"Herr Mandenauer is right. I work for the werewolves. But soon they will work for me."
"You're raising a witchie wolf army," I said.
Lydia inclined her head.
"But how? You aren't a werewolf."
"Are you certain?"
"Yes," I said firmly, even as my mind doubted.
One thing I'd learned as a J��ger-Sucher, the rules applied only until someone or something changed them.
"You don't sound very confident. But I've spent a lot of time and money to make all of you doubt what you know and who you trust."
Money? The light went on in my head.
"You bought information from the traitor."
Lydia laughed. "There isn't any traitor – or at least not in the technical sense of the word. None of your own betrayed you."
Good to know. Really set my mind at ease.
"If not one of us, then who?"
"Do not waste your time," Edward said. "She will not tell us." Edward turned his attention to Lydia. "I am afraid your lover is dead. Will that destroy your plans, I hope?"
"My plans are right on schedule."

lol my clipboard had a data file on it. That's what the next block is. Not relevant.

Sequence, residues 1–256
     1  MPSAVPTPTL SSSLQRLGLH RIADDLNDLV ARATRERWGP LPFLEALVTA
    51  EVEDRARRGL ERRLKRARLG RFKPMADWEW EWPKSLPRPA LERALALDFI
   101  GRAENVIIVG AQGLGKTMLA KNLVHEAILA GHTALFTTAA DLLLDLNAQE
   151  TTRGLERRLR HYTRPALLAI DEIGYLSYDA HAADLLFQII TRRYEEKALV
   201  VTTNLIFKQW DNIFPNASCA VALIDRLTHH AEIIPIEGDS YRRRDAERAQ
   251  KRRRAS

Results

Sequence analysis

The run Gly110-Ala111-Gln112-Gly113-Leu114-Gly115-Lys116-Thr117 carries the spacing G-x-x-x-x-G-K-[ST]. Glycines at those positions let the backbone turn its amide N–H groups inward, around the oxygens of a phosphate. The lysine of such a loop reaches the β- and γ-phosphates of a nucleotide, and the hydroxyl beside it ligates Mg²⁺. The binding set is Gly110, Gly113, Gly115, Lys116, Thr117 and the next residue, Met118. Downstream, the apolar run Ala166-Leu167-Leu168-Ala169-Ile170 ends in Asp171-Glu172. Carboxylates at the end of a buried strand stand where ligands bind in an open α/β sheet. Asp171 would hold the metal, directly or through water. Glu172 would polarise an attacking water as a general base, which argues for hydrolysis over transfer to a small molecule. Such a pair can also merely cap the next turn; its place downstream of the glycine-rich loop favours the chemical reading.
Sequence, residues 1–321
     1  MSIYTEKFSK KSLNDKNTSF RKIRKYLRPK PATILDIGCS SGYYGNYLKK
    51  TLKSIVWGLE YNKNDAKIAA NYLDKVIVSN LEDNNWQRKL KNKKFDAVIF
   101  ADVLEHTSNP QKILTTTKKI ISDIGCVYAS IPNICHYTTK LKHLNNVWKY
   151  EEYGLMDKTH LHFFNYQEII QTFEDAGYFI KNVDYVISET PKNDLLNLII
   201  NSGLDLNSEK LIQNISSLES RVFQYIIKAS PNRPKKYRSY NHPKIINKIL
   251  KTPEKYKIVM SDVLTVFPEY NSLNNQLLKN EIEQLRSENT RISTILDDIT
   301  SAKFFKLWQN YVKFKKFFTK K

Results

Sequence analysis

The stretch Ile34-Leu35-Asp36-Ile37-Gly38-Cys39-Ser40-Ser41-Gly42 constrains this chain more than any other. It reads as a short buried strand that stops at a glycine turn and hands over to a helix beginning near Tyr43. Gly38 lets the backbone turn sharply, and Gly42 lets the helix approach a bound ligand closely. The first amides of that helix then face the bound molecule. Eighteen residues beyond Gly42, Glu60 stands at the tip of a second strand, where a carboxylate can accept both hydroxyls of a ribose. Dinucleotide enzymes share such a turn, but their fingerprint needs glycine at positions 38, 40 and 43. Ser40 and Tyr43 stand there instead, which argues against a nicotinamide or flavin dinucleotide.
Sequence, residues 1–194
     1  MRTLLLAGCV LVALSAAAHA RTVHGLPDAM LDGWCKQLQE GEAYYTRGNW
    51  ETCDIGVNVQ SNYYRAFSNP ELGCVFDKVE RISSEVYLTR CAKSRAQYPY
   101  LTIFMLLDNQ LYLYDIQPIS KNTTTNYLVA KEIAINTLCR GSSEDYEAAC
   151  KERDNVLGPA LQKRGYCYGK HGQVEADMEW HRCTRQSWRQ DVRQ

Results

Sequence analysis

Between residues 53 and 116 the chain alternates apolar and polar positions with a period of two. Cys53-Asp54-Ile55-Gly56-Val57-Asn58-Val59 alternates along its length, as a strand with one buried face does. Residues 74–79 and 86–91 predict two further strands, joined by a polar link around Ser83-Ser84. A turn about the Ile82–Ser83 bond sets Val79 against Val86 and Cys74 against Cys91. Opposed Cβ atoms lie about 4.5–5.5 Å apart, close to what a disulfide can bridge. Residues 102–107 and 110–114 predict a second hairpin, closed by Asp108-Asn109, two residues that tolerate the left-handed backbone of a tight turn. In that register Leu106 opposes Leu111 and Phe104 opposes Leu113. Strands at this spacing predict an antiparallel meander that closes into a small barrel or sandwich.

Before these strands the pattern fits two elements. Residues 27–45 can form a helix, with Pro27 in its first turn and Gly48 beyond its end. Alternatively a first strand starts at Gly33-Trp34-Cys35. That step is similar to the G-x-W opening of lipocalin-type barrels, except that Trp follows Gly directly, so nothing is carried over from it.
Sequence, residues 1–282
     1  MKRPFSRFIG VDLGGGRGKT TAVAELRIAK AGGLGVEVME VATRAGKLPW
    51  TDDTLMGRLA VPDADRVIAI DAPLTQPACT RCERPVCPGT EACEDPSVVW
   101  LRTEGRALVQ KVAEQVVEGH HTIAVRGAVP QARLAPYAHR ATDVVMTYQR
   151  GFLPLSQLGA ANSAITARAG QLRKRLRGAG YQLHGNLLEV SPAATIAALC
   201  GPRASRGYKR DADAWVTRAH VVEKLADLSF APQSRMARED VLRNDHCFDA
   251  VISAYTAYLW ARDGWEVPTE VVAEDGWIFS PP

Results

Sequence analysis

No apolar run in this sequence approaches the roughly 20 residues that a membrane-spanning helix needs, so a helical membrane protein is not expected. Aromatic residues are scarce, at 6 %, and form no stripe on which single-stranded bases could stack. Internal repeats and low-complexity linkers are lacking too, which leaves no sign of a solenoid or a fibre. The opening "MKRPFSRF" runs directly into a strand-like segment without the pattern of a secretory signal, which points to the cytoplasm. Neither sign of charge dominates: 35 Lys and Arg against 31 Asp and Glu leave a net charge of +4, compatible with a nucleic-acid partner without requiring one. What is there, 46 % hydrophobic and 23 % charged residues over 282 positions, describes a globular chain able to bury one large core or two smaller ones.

"You wanted Basil dead?" I asked.
"Not particularly. He was an incredible lay. He'd do anything I wanted, anywhere. All day, all night. The boy was amazing."
"Way too much information," Nic muttered.
"He follows orders amazingly well. 'Kill Dr. Hanover,' I said. Next thing I know – bam, bam.'"
"Actually, it was just bam for him, right, Nic?"
"Yeah. Then he ran away like a girl."
"Hey!" I protested.
"Sorry. How about we try bam-bam on Miss Familiar?"
Lydia laughed again. Why did she find Nic's threats of shooting her so amusing? Maybe she couldn't be shot.
"Why is she so smug, Edward?"
I needed to know what I was facing before I could face it with any sort of strength. Even then…
I glanced at the sun sparkling through the trees. I wasn't going to be able to do much damage at this time of day.
"Lydia is a descendant of Gypsies," Edward answered.
"Romania, tambourines, fortune-telling Gypsies?" Nic asked.
Lydia snorted at the same time Edward said, "Hardly. Gypsies are the traditional companions of werewolves. Familiars. They protect them and in turn are paid handsomely."